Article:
• Fairy Battle: Selecting a person (all represented by a triangle with a circle on top) talks to them. Usually this challenges that person to a duel... unless it is the Dark Magician Girl, who will instead give you a rare card.
  • Gameplay and Story Segregation: The Sacred Beasts are made to be important and even get a unique battle summon looking a step down from the Egyptian Gods but more impressive than other important cards. However, their Awesome, but Impractical nature leads them to be utterly ineffectual, much like in real life at the time. In the game's climax, you are forced to let the opponent Summon the Sacred Beast to progress the story, because otherwise you could easily defeat them and take out a lot of the tension from that point.
  • Have a Nice Death: If you lose in a Shadow Game, your opponent will say a menacing quip at you.
  • In-Universe Game Clock: Like in the previous game, time passes whenever you move towards a building or duelist, and some duelists only show up at certain times of the day. In Spirit Caller, there are now 7 weekdays, so you'll also need to progress towards a certain day to unlock events and find duelists.
  • Luck-Based Mission: Jaden's duel against Dox in the ParaDox Tag Duel. Beforehand, you're asked to customize Jaden's Deck in order to help him win. Whether or not he wins even with your help is up to the A.I.
  • Peninsula of Power Leveling:
    • Normally you're forced to return to your dorm after nightfall, but during story events you can stay out as long as you don't complete the event. This allows you as much time as you want to level grind, collect spirits, etc.
    • You can actually do this at the start of the game too. The events of the game won't progress until you trigger the event flag at the lighthouse, so if you really, really wanted to, you could continuously grind for days on end to unlock all the packs attainable by level up. It'll take a while, but considering how pathetic the cards in your starter deck are, it is a viable option.
  • Self-Insert Fic: Your character essentially plays through all the main story beats in Jaden's position, up to the first part of season 2 that introduces Aster Phoenix.
  • Sequential Boss: How Kagemaru's duel plays out. He'll use 3 decks that each focus on a different Sacred Beast monster. You need to defeat him after he summons each Sacred Beast to clear his boss fight.
  • Superboss: During the post-game, you can encounter Dark Zane and duel him during a Shadow Game. Chances are, you may encounter him at least once while hunting for spirits wherever you want to or not.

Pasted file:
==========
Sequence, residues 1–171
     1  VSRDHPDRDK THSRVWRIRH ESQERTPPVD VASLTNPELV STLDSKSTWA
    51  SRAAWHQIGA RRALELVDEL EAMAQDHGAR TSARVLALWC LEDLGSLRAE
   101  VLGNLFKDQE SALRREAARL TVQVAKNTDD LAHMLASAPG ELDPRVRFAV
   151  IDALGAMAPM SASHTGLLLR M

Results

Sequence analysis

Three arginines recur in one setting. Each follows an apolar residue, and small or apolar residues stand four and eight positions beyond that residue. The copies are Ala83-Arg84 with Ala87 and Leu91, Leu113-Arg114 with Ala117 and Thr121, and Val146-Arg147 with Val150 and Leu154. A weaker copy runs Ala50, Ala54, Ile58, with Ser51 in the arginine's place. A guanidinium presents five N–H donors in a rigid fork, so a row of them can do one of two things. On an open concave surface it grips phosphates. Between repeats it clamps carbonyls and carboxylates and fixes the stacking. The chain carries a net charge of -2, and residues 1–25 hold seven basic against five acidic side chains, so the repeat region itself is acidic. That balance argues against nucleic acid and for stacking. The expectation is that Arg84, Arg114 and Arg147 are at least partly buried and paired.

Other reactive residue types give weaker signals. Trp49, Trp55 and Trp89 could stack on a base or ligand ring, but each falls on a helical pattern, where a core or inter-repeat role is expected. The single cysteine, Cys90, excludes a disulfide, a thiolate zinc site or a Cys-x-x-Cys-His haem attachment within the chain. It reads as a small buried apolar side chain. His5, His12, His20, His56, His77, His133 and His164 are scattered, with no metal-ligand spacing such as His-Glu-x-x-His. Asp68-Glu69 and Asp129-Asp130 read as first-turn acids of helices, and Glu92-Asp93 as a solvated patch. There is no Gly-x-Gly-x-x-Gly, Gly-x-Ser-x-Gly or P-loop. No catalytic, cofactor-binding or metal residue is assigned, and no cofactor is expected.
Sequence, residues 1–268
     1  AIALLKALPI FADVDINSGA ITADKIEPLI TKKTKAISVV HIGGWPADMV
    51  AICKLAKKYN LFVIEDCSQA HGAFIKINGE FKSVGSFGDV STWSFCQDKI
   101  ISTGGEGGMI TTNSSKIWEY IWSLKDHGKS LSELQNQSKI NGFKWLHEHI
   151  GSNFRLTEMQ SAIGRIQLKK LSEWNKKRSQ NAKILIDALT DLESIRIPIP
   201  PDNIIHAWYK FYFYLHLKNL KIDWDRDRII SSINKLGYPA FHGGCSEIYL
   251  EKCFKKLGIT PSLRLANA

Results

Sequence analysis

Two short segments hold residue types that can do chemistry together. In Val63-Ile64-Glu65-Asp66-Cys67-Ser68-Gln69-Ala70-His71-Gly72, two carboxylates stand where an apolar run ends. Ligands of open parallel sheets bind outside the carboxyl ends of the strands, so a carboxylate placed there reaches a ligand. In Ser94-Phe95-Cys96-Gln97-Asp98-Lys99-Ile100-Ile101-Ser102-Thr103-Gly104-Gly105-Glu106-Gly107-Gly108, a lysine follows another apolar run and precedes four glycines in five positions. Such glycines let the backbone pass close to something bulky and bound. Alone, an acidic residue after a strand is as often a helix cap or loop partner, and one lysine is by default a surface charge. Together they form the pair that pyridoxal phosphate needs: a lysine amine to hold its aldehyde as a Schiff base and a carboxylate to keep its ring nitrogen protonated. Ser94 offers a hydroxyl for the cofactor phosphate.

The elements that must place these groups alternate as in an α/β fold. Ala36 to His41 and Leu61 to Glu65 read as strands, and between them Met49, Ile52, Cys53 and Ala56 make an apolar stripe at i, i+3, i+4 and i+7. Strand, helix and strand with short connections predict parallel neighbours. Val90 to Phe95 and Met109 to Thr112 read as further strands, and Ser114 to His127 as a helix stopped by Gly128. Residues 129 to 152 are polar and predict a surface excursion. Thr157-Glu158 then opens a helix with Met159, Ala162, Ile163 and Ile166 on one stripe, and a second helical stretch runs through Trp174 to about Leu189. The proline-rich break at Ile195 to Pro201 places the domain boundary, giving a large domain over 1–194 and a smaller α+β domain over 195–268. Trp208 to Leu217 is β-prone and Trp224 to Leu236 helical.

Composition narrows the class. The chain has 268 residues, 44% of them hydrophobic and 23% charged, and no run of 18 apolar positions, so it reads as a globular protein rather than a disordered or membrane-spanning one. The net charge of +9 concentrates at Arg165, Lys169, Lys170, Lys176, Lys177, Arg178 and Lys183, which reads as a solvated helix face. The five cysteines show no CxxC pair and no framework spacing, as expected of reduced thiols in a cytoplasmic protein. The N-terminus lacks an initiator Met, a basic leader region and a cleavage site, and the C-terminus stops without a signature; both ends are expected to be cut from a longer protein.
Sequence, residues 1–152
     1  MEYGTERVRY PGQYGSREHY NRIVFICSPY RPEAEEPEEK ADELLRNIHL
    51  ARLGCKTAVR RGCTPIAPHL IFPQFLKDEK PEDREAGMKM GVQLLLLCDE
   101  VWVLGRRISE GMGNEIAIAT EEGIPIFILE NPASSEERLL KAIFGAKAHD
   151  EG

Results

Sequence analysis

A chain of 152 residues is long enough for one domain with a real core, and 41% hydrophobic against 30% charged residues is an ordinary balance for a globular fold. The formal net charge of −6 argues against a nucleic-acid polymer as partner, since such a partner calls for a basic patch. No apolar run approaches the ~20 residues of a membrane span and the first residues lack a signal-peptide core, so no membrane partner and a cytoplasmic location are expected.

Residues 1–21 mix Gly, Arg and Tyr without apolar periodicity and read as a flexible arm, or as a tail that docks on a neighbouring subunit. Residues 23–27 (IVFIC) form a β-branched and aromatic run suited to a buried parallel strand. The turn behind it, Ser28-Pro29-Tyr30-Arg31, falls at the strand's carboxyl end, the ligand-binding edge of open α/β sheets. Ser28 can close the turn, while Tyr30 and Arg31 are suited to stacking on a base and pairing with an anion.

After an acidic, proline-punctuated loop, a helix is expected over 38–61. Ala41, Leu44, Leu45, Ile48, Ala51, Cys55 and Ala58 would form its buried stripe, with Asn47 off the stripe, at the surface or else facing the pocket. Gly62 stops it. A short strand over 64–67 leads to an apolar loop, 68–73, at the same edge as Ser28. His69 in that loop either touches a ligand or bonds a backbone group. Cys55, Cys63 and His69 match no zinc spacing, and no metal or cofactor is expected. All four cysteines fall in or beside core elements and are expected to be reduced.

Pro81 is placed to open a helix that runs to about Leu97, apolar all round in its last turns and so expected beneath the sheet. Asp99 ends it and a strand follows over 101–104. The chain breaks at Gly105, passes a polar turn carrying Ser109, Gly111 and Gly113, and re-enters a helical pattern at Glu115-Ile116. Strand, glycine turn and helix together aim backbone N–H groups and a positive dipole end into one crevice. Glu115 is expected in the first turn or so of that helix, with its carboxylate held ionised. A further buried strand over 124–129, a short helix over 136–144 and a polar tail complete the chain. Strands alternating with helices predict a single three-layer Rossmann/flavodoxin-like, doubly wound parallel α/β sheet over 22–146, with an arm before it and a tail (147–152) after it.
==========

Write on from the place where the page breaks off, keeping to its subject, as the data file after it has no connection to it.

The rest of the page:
• Wakeup Call Boss: Despite his Butt-Monkey status, Syrus can easily trip a lot of new players up. While your cards in your starter deck are terrible, you can still take on most Slifer Red students without much problem. Syrus, however, is the first duelist you'll face who uses an actual archetype instead of generic support and has monsters with annoying effects. Submarineroid can attack your life points directly and then switch itself back to defense position afterwards, and 1800 DEF is something you can't hope to match with your starter deck without equip cards, and he also has Gyroid, which, once-per-turn, can't be destroyed by battle... At a point in the game where destroying things by battle is your only real way of dealing with monsters. To top this off, he also has quite a few powerful Fusions he can pull on you which, while rare, can very tricky to deal with even with your equips, and thanks to all his monsters being able to stall, it actually is pretty easy for him to Fusion summon his Fusion Monsters. He's also the first duelist who has cards that can nuke your field, so even if you get a foothold, he can still make a comeback... Anyone who goes in thinking they'll have an easy time is in for a rude wake-up call, and even after you finally get better cards and can deal with him with much more ease, he can still pull off some surprising shenanigans on you if you're not careful.
  • With This Herring: The opening moments of the game has Syrus congratulating you for getting into the Academy after somehow managing to beat Professor Crowler at the entrance test. When you get to look at your starting Deck, it's terrible, and many a player would agree that it'd take a miracle to defeat Crowler with such a poor start.